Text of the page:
• Many sources now say the uprisings against the Taliban by villagers in Ghazni’s Andar district and in Laghman actually represented a turf war between the Taliban and another radical Islamist group, Hekmatyar’s Hezb-e Islam.

August 14, 2012

  • Three US marines were shot dead by an Afghan worker at a base in southern Afghanistan. Three other US marines from a Special Forces unit were killed earlier in the day by a man in an Afghan police uniform.
  • Suicide bombers attacked multiple targets all across Afghanistan killing at least 46 civilians.
  • The Taliban have killed a man accused of kidnapping a child in Qarabagh after government officials failed to move against him.

August 10, 2012

  • Finance Minister Omar Zakhilwal broke down crying at a meeting he himself had called with foreign diplomats to refute charges of corruption leveled against him by TOLO TV. On August 1, TOLO broadcast bank statements showing that payments of $1.5 million had been made into the minister’s bank accounts over the past five years, and that half a million deposited into a Canadian bank account of his in 2010 brought his total holdings there to more than one million dollars. Tolo has alleged that the money comes from bribes: it claims finance ministry officials took $3 million under the table from a private company called Global Link in exchange for giving them a $12 million tax break. Zakhilwal wrote a letter to the New York Times claimed that he earned extra money from consulting work he did for the World Bank and for teaching at Canada’s Carlton University. The World Bank denies paying him anything and the University states that his salary there was $1,000 per month, not the $1,500 per day Zakhilwal has claimed.
  • An Afghan police officer sharing a meal with three U.S. Marines suddenly shot them dead and fled. One day earlier an Afghan soldier turned on his fellow NATO soldiers but they gunned him down before he could get off a shot..
  • An Afghan bank worker named Habib Rahman is suing the British government for helping the American military draw up a secret kill list targeting insurgents and drug dealers. Rahman lost five relatives to a missile strike that was meant to kill an insurgent named Mohammed Amin but instead killed Rahman’s relative Zabet Aminullah. Rahman’s lawyers are asking that the British government disclose how it chooses targets for the kill list.
  • U.S. Army Sgt. Walter Taylor, on trial for murder after he killed a female Afghan doctor during a 2011 firefight with insurgents, has been acquitted of all charges. She was a bystander passing by when the American troops were ambushed by insurgents.
  • A roadside bomb killed six Afghan civilians in Helmand Province.

August 9, 2012

  • Taekwondo master Rohullah Nikpai won a bronze model at the London Olympics, just as he had done at the Beijing Olympics four years ago. Nikpah grew up in a refugee camp in Iran and is ranked 13th by the World Taekwondo Federation (in his weight class.) He runs an electronics business in Kabul to make ends meet.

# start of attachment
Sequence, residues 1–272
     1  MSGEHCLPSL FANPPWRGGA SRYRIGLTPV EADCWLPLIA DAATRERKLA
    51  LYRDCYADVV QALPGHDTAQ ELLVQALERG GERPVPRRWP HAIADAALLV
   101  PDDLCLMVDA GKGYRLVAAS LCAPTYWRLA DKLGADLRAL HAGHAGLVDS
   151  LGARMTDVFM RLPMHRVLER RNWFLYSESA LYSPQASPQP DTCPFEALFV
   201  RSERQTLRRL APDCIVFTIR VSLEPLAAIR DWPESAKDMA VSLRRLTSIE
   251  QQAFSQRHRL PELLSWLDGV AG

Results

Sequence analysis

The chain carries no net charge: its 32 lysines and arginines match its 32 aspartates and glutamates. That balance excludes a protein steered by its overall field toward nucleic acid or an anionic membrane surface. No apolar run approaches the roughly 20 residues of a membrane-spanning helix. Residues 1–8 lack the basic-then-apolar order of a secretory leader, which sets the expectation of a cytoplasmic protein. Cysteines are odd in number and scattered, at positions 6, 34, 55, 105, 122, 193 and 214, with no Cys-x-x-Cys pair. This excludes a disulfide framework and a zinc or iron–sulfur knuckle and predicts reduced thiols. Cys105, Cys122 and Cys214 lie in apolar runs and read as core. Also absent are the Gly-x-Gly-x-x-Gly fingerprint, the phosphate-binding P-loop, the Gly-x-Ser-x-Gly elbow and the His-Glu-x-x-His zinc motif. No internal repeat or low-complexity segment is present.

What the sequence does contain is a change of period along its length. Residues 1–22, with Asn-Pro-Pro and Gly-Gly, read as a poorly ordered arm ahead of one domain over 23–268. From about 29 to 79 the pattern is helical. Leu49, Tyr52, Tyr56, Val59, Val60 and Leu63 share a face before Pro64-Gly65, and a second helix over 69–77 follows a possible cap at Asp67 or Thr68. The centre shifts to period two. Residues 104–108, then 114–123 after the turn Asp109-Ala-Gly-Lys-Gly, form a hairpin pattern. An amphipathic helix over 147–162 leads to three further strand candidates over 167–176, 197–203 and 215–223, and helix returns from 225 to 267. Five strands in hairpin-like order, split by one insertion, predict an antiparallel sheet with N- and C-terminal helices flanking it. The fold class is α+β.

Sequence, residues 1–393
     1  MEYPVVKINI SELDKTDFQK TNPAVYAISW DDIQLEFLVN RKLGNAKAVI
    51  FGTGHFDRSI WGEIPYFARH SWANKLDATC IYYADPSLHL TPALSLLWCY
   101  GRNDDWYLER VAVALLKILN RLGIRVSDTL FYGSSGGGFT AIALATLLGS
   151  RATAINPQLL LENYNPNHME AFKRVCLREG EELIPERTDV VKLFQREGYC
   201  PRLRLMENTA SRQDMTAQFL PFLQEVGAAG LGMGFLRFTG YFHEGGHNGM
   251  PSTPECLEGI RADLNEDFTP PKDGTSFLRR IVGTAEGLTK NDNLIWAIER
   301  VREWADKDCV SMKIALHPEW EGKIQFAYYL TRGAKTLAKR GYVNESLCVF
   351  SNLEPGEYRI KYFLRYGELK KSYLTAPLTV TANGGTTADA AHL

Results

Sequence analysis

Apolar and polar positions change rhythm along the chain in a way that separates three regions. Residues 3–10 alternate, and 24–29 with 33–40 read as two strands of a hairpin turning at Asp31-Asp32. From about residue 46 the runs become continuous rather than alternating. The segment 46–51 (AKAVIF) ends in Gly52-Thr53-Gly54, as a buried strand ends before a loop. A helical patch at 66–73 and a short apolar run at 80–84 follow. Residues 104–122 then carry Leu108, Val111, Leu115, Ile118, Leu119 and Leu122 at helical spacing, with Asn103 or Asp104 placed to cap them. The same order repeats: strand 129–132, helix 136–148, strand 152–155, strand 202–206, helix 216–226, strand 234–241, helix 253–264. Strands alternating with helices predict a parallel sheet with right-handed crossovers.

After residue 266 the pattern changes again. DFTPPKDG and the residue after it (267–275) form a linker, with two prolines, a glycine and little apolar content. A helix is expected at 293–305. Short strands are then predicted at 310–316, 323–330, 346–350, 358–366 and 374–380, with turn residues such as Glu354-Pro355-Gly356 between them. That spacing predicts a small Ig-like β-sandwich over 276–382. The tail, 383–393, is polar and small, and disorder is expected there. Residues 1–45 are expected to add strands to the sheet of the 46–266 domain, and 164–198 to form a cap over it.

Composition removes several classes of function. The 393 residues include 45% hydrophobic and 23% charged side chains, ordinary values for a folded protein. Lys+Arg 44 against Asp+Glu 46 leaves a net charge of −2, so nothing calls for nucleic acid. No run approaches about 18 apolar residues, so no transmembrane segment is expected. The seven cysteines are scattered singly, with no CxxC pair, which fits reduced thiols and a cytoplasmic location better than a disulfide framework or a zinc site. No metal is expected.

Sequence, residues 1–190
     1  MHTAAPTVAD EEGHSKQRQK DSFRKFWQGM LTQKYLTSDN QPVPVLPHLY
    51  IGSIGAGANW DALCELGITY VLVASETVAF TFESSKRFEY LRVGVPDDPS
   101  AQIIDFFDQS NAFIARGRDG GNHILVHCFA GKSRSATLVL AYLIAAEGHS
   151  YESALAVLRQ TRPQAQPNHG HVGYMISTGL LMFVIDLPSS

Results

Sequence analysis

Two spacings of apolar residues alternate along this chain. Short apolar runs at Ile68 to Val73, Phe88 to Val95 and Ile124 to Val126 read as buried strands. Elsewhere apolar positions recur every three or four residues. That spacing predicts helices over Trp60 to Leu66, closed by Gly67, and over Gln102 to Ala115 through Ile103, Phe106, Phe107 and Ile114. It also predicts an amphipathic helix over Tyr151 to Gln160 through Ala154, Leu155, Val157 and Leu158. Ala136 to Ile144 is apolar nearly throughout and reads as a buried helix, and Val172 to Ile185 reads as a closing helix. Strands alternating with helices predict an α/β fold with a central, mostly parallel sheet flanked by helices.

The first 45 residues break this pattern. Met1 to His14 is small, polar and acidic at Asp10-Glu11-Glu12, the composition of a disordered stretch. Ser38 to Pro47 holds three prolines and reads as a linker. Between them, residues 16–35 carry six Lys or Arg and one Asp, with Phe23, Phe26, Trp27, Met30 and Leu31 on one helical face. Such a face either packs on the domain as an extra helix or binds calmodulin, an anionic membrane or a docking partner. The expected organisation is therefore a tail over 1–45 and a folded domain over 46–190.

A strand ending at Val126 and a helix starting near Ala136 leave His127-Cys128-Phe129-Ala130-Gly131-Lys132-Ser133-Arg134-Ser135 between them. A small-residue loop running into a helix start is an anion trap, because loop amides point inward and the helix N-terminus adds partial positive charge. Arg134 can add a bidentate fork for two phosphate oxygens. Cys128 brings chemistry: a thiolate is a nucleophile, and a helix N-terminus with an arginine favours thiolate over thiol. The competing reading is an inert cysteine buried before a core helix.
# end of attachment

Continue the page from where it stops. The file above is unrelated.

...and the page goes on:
• Sprinter Tahmina Kohistani, Afghanistan’s only female athlete at the Olympics, failed to qualify in the 100-meter race but set a personal best time in the qualifying race and returned to much acclaim at home. Kohistani ran in a headdress and in clothing that covered her arms and legs.
  • Suicide bombers killed three senior officers of America’s 4th Infantry Division 4th Brigade, stationed in Kunar.
  • Most Afghan Sikhs and Hindus are struggling to escape Afghanistan, claiming they’ve endured worse persecution under Karzai than under the Taliban.
  • August 8, 2012
  • Two suicide bombings killed three NATO troops in eastern Afghanistan; meanwhile a bus bombing in Farah killed five Afghans.
  • Holland’s Maurits R. Jochems will represent NATO in Afghanistan.

August 7, 2012

  • Two men wearing Afghan national army uniforms killed their American trainer in eastern Afghanistan, the 21st green-on-blue killing of the year. A video posted online showed Taliban commanders giving a hero’s welcome to one of the first green-on-blue assassins Ghazi Mahmoud, who turned upon the American soldiers in his unit and killed three of them.
  • A remote-controlled bomb blew up a mini-bus outside Kabul, killing nine civilians. Meanwhile, a suicide truck bomb exploded at a NATO military base south of Kabul and an ambush in Kapisa killed a French soldier.

August 6, 2012

  • Anti-government militants used a poor little donkey to deliver a bomb that killed a police officer in Ghor.
  • Belgium withdrew the first of its troops from Afghanistan. France turned over a base it was occupying to Afghan forces and announced that it will withdraw 2,000 of its troops from the country this year. A district governor in Wardak province warned, however, that Afghan forces in his district are not ready to take over security duties and British Prime Minister David Cameron declared that handing control of Afghanistan over to Afghans as currently planned will only help Al Qaeda.
  • Pushtoon nomads have been attacking Hazara villages in Wardak.
  • August 5, 2012
  • Insurgents ambushed a bus near Bagram and killed six civilians.

August 4, 2012

  • A Hazara military commander in Bamiyan led a raid that killed nine Pushtoon villagers, allegedly as a reprisal for anti-Hazara attacks by Pushtoons.